Surviving a Loved One’s Death by Suicide
Trigger warning: this post involves frank discussion of suicide and coping skills for people who have lost loved ones by suicide.
In all of its forms, grief is excruciating, but surprise-grief is the worst of all, and the « surprise » of a loved one’s death by suicide can cause you to wonder if you, yourself, will be able to survive. There are many factors, such as your relationship to the person or your mental health, that influence how you react and cope.
I have lost a handful of people in my life to death by suicide. Each death struck me differently. I realized that while there is no roadmap to successfully navigate the labyrinth of loss and grief, understanding the following principles helped me learn to cope.
Experiencing Unexpected Emotions
When someone that you know or love dies by suicide, you may experience unexpected emotions. You may feel despair due to their untimely death, anger at them for leaving, or self-loathing for not recognizing the signs of suicide that may or may not have been there (or all three of these together). Maybe you are shocked at the news because they seemed healthy in your eyes. Even if they are only your acquaintance, their suicide might still impact you. You might find yourself shuffling through your memories, trying to remember what you said to them the last time you saw them. Maybe you feel inclined to contact their family, but you don’t know what to say.
Or you may feel none of these things–you may just feel numb for a little while.
Learning to Cope with a Loved One’s Death by Suicide Is a Process
Learning to cope with a loved one’s death by suicide is a patient process that looks different for everyone. It starts with recognizing and accepting what you are feeling. Someone that you care about has died–no reaction is off-base. These feelings can vary in both breadth and intensity, but they tend to worsen as you avoid confronting them. Pretending to be okay might numb you for a moment, but pain festers the more that you hide it. Sharing how you’re feeling with a trusted friend, family member, or therapist can help solidify what you’re experiencing.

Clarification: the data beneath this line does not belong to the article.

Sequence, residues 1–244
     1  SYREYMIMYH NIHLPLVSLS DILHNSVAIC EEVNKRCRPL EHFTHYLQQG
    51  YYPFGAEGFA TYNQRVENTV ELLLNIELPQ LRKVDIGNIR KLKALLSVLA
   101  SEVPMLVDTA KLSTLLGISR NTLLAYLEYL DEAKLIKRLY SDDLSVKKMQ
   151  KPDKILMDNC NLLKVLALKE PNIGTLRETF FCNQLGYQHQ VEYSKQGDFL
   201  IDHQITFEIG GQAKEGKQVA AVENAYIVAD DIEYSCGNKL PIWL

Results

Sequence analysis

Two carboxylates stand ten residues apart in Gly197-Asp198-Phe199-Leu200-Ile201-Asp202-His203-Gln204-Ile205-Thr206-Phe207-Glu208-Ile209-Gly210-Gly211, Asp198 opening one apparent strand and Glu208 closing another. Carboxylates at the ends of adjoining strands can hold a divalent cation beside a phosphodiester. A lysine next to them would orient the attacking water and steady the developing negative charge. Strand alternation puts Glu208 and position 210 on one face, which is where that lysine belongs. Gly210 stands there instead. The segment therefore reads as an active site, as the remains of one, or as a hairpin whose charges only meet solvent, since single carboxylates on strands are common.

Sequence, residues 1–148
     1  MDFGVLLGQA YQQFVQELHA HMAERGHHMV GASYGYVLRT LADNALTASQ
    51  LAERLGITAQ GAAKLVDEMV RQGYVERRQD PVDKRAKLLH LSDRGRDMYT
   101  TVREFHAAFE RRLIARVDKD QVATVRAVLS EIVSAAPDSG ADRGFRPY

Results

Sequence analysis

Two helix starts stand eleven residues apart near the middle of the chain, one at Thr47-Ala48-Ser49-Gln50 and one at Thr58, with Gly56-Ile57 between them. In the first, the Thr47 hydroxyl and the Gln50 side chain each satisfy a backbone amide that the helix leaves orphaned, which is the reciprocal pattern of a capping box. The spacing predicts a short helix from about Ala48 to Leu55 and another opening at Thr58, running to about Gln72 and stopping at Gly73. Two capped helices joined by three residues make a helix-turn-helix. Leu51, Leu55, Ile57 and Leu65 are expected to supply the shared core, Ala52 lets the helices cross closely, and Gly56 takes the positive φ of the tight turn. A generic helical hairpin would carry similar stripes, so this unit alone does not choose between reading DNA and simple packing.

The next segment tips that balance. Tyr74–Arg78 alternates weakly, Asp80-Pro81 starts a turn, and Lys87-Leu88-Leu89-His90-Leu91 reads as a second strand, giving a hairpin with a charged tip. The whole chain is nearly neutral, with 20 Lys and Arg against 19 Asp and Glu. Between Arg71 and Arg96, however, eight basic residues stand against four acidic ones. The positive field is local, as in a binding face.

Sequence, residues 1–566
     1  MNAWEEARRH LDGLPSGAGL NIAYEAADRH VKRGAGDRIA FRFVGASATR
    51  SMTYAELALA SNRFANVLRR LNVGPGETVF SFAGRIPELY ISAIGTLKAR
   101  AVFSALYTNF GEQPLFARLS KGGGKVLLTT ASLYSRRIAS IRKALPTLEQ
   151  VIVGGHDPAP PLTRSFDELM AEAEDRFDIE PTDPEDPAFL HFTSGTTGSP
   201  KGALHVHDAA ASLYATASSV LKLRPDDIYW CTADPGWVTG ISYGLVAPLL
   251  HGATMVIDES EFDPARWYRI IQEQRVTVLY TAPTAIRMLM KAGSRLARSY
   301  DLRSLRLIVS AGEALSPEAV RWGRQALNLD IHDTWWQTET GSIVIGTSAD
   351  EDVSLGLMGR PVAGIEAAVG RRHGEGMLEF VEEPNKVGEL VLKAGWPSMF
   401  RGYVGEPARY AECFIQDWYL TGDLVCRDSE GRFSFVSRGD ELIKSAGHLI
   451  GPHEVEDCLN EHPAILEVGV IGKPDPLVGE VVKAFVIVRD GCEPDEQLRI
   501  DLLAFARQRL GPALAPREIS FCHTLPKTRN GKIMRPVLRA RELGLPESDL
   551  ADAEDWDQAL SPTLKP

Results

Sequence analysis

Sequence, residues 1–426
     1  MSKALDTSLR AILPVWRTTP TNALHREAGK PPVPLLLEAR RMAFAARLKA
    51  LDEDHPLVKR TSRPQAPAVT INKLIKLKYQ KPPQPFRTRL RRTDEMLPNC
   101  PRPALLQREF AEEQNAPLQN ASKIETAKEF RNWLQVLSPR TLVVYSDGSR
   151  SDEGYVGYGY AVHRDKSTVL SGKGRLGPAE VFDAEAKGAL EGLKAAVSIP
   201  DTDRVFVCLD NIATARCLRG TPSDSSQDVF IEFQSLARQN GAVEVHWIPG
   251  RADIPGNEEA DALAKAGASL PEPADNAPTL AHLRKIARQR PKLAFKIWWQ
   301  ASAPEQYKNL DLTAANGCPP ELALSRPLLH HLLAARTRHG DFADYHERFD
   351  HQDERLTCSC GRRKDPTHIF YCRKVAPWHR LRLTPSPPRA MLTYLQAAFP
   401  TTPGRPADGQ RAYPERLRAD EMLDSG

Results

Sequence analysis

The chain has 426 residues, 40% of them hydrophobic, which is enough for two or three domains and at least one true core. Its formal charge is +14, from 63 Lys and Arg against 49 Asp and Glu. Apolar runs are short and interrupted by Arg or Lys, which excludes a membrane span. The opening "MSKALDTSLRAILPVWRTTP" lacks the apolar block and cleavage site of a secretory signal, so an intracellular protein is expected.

You are not weak for feeling like you can’t survive. It is not a mark of cowardice that you want to hide under the covers forever. Leaning into life without your loved one is overwhelming, and it doesn’t happen overnight. You don’t have to be an expert at dealing with an unexpected loss. Take things one day, even one moment, at a time. Feel what you feel, and be gentle with yourself.
It Gets Better
The path to healing from a loved one’s death by suicide does not require blotting out all of your memories of your loved one. You don’t have to forget about them to feel peace. I don’t believe that time is the ultimate remedy for loss, but I do believe that you will get better at coping as you practice. As you crawl your way into a new life without them, you will gradually feel better.
Death doesn’t minimize your love for someone else; in fact, I’ve found that it often fleshes out that love in a very unique way. There will be days where the loss feels deeper, the shock sharper, the grief thicker. Don’t flinch at those moments when they come. When you allow those feelings of loss of a loved one to death by suicide to pass through you, you can come out of them feeling increased fondness for the loved one that you’ve lost.
If you feel that you may have hurt yourself or someone else, call 9-1-1 immediately.
For more information on suicide, see our suicide information, resources and support section. For additional mental health help, please see our mental health hotline numbers and referral information section.